16. The economic burden of Clostridium difficile

    Science.gov (United States)

    McGlone, S. M.; Bailey, R. R.; Zimmer, S. M.; Popovich, M. J.; Tian, Y.; Ufberg, P.; Muder, R. R.; Lee, B. Y.

    2013-01-01

    Although Clostridium difficile (C. difficile) is the leading cause of infectious diarrhoea in hospitalized patients, the economic burden of this major nosocomial pathogen for hospitals, third-party payers and society remains unclear. We developed an economic computer simulation model to determine the costs attributable to healthcare-acquired C. difficile infection (CDI) from the hospital, third-party payer and societal perspectives. Sensitivity analyses explored the effects of varying the cost of hospitalization, C. difficile-attributable length of stay, and the probability of initial and secondary recurrences. The median cost of a case ranged from $9179 to $11 456 from the hospital perspective, $8932 to $11 679 from the third-party payor perspective, and $13 310 to $16 464 from the societal perspective. Most of the costs incurred were accrued during a patient’s primary CDI episode. Hospitals with an incidence of 4.1 CDI cases per 100 000 discharges would incur costs ≥$3.2 million (hospital perspective); an incidence of 10.5 would lead to costs ≥$30.6 million. Our model suggests that the annual US economic burden of CDI would be ≥$496 million (hospital perspective), ≥$547 million (third-party payer perspective) and ≥$796 million (societal perspective). Our results show that C. difficile infection is indeed costly, not only to third-party payers and the hospital, but to society as well. These results are consistent with current literature citing C. difficile as a costly disease. PMID:21668576

  17. Clostridium difficile is an autotrophic bacterial pathogen.

    Directory of Open Access Journals (Sweden)

    Michael Köpke

    Full Text Available During the last decade, Clostridium difficile infection showed a dramatic increase in incidence and virulence in the Northern hemisphere. This incessantly challenging disease is the leading cause of antibiotic-associated and nosocomial infectious diarrhea and became life-threatening especially among elderly people. It is generally assumed that all human bacterial pathogens are heterotrophic organisms, being either saccharolytic or proteolytic. So far, this has not been questioned as colonization of the human gut gives access to an environment, rich in organic nutrients. Here, we present data that C. difficile (both clinical and rumen isolates is also able to grow on CO2+H2 as sole carbon and energy source, thus representing the first identified autotrophic bacterial pathogen. Comparison of several different strains revealed high conservation of genes for autotrophic growth and showed that the ability to use gas mixtures for growth decreases or is lost upon prolonged culturing under heterotrophic conditions. The metabolic flexibility of C. difficile (heterotrophic growth on various substrates as well as autotrophy could allow the organism in the gut to avoid competition by niche differentiation and contribute to its survival when stressed or in unfavorable conditions that cause death to other bacteria. This may be an important trait for the pathogenicity of C. difficile.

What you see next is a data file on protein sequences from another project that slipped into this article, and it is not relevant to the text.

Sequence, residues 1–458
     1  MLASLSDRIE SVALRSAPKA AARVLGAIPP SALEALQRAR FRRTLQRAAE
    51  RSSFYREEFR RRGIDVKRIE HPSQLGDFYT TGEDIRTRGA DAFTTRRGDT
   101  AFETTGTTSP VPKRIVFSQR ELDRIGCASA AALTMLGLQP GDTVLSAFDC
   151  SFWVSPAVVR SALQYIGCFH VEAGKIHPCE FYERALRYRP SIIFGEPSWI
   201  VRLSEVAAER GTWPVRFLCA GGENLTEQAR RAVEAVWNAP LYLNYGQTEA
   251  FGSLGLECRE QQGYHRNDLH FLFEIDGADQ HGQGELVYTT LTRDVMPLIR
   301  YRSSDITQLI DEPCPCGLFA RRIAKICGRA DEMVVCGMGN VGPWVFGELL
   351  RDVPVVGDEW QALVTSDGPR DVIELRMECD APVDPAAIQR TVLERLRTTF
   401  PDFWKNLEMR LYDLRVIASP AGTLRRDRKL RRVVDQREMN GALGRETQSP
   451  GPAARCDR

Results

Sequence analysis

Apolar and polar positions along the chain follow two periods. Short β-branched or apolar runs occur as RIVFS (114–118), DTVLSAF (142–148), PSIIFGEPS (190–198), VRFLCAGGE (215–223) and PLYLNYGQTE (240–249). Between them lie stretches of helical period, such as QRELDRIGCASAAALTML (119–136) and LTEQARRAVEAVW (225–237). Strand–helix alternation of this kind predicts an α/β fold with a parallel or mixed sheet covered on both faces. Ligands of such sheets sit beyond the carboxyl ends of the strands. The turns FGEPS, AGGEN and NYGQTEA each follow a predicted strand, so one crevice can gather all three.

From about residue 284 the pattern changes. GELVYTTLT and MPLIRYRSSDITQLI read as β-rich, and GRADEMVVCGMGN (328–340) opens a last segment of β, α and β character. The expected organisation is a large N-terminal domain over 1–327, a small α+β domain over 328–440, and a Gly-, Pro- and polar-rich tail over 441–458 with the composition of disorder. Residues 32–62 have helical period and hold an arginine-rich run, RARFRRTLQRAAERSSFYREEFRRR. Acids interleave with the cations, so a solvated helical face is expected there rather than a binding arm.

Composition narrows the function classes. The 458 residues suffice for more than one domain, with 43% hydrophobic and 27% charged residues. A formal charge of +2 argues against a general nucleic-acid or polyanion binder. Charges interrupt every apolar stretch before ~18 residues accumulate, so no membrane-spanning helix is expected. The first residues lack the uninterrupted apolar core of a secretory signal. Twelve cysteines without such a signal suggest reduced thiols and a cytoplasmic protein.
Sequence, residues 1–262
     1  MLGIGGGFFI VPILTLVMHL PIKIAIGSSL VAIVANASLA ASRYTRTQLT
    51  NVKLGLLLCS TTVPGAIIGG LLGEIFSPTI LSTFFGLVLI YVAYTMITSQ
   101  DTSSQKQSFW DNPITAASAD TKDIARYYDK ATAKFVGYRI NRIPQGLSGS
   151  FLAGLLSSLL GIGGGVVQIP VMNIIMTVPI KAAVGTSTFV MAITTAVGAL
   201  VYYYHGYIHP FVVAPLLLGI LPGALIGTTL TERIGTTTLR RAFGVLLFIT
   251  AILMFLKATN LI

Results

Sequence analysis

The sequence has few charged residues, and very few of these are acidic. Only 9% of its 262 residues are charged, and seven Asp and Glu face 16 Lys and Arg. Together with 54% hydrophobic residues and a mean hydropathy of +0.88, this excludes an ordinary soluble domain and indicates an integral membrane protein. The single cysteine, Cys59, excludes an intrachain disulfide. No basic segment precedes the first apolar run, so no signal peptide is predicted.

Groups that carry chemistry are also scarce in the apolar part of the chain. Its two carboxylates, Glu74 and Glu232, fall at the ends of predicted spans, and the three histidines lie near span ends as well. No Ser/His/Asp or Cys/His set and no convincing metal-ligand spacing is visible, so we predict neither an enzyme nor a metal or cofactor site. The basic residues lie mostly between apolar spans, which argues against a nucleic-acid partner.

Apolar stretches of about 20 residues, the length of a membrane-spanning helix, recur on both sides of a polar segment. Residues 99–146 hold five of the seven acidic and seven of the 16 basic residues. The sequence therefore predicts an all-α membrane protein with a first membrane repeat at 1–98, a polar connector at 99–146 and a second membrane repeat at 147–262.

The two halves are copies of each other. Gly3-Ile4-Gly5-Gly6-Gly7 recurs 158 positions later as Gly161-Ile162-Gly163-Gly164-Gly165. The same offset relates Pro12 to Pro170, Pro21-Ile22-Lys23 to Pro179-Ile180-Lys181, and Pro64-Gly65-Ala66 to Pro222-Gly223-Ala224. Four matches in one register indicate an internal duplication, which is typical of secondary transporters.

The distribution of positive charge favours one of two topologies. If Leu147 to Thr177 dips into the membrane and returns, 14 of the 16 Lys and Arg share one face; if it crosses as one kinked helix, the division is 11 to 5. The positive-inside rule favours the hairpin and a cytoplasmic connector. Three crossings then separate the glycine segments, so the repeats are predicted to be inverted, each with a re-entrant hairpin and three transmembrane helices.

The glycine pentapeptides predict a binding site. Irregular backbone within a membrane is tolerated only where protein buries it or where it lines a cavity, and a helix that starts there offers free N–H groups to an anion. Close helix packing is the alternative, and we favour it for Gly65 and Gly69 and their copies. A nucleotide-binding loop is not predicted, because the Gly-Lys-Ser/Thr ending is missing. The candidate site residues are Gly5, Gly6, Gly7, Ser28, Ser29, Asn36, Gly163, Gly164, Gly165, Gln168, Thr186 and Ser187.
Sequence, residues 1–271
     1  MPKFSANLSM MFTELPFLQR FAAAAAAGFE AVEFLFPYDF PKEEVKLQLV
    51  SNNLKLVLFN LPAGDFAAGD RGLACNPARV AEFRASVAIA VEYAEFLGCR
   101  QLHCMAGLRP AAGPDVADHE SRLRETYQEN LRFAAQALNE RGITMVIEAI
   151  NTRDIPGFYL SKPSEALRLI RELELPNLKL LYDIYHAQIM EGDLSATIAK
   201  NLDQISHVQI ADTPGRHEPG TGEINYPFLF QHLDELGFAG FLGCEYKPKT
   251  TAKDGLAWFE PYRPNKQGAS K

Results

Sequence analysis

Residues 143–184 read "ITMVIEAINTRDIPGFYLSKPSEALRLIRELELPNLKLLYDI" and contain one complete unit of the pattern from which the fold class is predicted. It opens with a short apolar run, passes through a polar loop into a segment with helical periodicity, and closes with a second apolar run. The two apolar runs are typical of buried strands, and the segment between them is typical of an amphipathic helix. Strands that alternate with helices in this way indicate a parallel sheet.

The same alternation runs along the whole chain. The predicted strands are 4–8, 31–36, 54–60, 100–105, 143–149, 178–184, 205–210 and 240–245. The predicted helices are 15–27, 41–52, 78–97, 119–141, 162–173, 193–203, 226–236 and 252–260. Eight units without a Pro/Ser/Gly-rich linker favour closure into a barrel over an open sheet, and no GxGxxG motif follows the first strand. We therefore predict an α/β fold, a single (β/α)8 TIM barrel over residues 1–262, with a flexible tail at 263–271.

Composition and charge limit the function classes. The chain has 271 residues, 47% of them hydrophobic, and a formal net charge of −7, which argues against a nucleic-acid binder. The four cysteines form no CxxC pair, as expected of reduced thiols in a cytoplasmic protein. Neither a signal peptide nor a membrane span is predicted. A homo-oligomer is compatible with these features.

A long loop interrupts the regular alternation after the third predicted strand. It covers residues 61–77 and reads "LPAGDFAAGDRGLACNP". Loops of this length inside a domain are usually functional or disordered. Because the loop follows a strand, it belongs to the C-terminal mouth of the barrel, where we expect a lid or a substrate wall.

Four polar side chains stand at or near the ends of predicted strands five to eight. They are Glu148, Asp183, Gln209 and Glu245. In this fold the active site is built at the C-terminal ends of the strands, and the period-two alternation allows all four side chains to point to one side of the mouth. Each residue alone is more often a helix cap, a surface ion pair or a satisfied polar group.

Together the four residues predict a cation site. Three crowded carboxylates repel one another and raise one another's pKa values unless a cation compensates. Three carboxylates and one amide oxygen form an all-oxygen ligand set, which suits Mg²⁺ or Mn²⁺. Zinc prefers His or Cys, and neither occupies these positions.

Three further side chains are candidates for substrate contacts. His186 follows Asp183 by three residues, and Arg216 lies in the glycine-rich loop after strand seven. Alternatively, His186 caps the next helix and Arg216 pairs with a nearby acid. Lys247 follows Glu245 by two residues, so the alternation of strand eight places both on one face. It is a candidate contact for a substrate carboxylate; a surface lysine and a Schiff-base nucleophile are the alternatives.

18. Phosphorylation of proteins in Clostridium thermohydrosulfuricum

    International Nuclear Information System (INIS)

    Londesborough, J.

    1986-01-01

    Cell extracts of the thermophile Clostridium thermohydrosulfuricum catalyzed the phosphorylation by (γ- 32 P)ATP of several endogenous proteins with M/sub r/s between 13,000 and 100,000. Serine and tyrosine were the main acceptors. Distinct substrate proteins were found in the soluble (e.g., proteins p66, p63, and p53 of M/sub r/s 66,000, 63,000, and 53,000, respectively) and particulate (p76 and p30) fractions, both of which contained protein kinase and phosphatase activity. The soluble fraction suppressed the phosphorylation of particulate proteins and contained a protein kinase inhibitor. Phosphorylation of p53 was promoted by 10μM fructose 1,6-bisphosphate or glucose 1,6-bisphosphate and suppressed by hexose monophosphates, whereas p30 and p13 were suppressed by 5 μM brain (but not spinach) calmodulin. Polyamines, including the odd polyamines characteristic of thermophiles, modulated the labeling of most of the phosphoproteins. Apart from p66, all the proteins labeled in vitro were also rapidly labeled in intact cells by 32 P/sub i/. Several proteins strongly labeled in vivo were labeled slowly or not at all in vitro

  19. Crystal structure of Clostridium difficile toxin A

    Energy Technology Data Exchange (ETDEWEB)

    Chumbler, Nicole M.; Rutherford, Stacey A.; Zhang, Zhifen; Farrow, Melissa A.; Lisher, John P.; Farquhar, Erik; Giedroc, David P.; Spiller, Benjamin W.; Melnyk, Roman A.; Lacy, D. Borden

    2016-01-11